Although he was a son, he learned obedience through what he suffered. And being made perfect, he became the source of eternal salvation to all who obey him, being designated by God a high priest after the order of Melchizedek ~Hebrews 5:8-10
We talk a lot of teaching our children to obey, seeking to instill obedience through methods that people swear will create wonderful children. Obedience is very important in scripture. We see it as one of the foundational commands of the Old Testament; it reverberates throughout scripture, pointing towards blessings and indicative of respect and honor. Warnings in Romans 1 include disobedience as part of the rejection of God. It is an important concept to instill for obedience bends the heart in submission to wisdom despite desire. The obedience of a two year old will one day be the obedience of a young man or woman to Holy God as a calling comes that may not be easy or desirable. Will they bend their heart to the One who calls for His kingdom? Will they pursue the lost, the hurt or the lonely when it is far easier to seek self instead?
We have a saying in our household that obedience is not seen in the easy. An obedient heart displays itself when the task required is hard, inconvenient, or disliked. When I must do something that interrupts my pursuits, my comfort, or my desires, what is my response? Often I confess I too, like my children, squirm, ignore the call, continue to finish what I’m already doing, justify, or argue.
But Christ learned obedience through his suffering.
His obedient heart was never impacted by rebellion like ours- never did sin reign there. He walked out obedience all His life and ultimately He knew that obedience would be found on the path of suffering. He experienced the tearing away from the presence of God on the cross so that I would never know that pain. And in His obedience, He became the Great High Priest that can understand and identify with my wandering heart. He has been tempted as we are, yet without sin.
He obediently walked to Calvary for you and me. He absorbed the blows of hatred, betrayal, and malice. He bore the crown of contempt. He silently stood as my sacrifice and yours. The King of Kings with all power in His voice stood silent before His accusers, obedient to death. He hung in my place, suffered my separation from the Father, defeated the sin and love of self that entangle my heart, and rose victorious! Jesus declared, “For this reason the Father loves me, because I lay down my life that I may take it up again. No one takes it from me, but I lay it down of my own accord. I have authority to lay it down, and I have authority to take it up again. This charge I have received from my Father.” (John 10:17-18) He obediently laid down his life that we may live.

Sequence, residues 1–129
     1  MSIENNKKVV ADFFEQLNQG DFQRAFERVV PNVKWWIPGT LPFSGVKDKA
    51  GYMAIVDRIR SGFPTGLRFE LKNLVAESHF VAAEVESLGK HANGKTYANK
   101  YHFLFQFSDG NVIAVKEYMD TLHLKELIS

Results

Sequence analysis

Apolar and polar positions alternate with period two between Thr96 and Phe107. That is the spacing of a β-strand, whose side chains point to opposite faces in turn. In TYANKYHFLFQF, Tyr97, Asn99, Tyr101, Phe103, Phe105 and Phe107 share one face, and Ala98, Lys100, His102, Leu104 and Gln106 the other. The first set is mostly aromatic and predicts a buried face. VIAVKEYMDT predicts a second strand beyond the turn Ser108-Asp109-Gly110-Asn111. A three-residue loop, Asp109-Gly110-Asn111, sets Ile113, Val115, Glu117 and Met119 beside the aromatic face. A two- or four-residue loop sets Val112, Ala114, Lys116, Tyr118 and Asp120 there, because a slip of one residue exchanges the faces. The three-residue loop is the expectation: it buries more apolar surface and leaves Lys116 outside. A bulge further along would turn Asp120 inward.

Obedience for myself or my children is shown in the hard places. The active choosing whom I will serve in a moment either displays obedience or disobedience. The same holds true for my children. I must confess, I have a hard time making life “hard” or uncomfortable for my children. My flesh seeks their approval and uses their happiness as a gauge to indicate my performance as a mother. Not pretty, but there it is. So God has had to teach me over the years the importance of parenting from His perspective and not my own. Mine is faulty and limited. His way as displayed by Christ is often through moments of suffering or discomfort. I have not had a single toddler who enjoyed being limited to bedtime rather than playing! I have walked with several tearful teenagers as they’ve chosen hard things, feeling left out or alone, in order to choose His way. I have had to enforce obedience despite feeling weary or repetitive.
But one thing God has taught me clearly is this: Obedience for myself or my children will come with a struggle, not merely through words or exhortations. But obedience will also become testimony. As I learn to value obedience, the blessings God promises to me will glorify Him now and for eternity. Lives speak about Him when they are submitted to Him.